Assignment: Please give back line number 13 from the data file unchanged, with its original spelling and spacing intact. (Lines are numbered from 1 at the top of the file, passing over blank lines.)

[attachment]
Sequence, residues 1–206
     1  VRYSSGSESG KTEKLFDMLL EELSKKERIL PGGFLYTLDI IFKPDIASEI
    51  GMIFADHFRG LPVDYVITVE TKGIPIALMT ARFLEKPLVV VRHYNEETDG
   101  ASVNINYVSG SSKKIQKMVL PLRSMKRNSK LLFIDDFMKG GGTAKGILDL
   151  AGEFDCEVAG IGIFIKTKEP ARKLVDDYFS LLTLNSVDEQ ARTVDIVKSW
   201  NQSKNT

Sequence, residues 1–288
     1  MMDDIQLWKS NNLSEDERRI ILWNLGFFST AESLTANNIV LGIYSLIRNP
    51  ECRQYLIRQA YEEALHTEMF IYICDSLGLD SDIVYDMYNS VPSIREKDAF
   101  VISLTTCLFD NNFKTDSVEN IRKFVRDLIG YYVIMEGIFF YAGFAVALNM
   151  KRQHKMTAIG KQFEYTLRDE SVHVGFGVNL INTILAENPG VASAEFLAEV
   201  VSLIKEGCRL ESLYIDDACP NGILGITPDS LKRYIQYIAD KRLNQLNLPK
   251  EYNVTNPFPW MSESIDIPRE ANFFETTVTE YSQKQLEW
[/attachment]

   251  EYNVTNPFPW MSESIDIPRE ANFFETTVTE YSQKQLEW